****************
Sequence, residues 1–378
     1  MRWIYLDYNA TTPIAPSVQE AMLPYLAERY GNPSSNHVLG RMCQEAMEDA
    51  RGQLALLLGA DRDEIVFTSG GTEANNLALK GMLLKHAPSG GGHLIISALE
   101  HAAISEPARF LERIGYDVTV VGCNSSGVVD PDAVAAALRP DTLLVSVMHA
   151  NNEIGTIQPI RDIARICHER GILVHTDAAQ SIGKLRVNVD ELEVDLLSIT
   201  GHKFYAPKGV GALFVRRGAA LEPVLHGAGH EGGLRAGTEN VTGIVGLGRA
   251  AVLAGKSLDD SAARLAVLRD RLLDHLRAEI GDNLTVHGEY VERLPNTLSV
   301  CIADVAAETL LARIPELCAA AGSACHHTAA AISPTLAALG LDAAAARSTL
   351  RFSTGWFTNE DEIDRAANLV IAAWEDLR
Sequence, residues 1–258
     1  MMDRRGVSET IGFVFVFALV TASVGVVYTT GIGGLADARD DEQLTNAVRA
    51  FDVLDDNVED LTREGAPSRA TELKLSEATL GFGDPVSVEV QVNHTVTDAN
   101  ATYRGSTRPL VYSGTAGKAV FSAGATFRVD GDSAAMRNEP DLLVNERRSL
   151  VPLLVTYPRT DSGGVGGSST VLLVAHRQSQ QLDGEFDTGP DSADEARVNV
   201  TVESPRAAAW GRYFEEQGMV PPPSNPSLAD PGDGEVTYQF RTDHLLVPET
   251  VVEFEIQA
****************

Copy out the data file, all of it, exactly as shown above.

Sequence, residues 1–378
     1  MRWIYLDYNA TTPIAPSVQE AMLPYLAERY GNPSSNHVLG RMCQEAMEDA
    51  RGQLALLLGA DRDEIVFTSG GTEANNLALK GMLLKHAPSG GGHLIISALE
   101  HAAISEPARF LERIGYDVTV VGCNSSGVVD PDAVAAALRP DTLLVSVMHA
   151  NNEIGTIQPI RDIARICHER GILVHTDAAQ SIGKLRVNVD ELEVDLLSIT
   201  GHKFYAPKGV GALFVRRGAA LEPVLHGAGH EGGLRAGTEN VTGIVGLGRA
   251  AVLAGKSLDD SAARLAVLRD RLLDHLRAEI GDNLTVHGEY VERLPNTLSV
   301  CIADVAAETL LARIPELCAA AGSACHHTAA AISPTLAALG LDAAAARSTL
   351  RFSTGWFTNE DEIDRAANLV IAAWEDLR
Sequence, residues 1–258
     1  MMDRRGVSET IGFVFVFALV TASVGVVYTT GIGGLADARD DEQLTNAVRA
    51  FDVLDDNVED LTREGAPSRA TELKLSEATL GFGDPVSVEV QVNHTVTDAN
   101  ATYRGSTRPL VYSGTAGKAV FSAGATFRVD GDSAAMRNEP DLLVNERRSL
   151  VPLLVTYPRT DSGGVGGSST VLLVAHRQSQ QLDGEFDTGP DSADEARVNV
   201  TVESPRAAAW GRYFEEQGMV PPPSNPSLAD PGDGEVTYQF RTDHLLVPET
   251  VVEFEIQA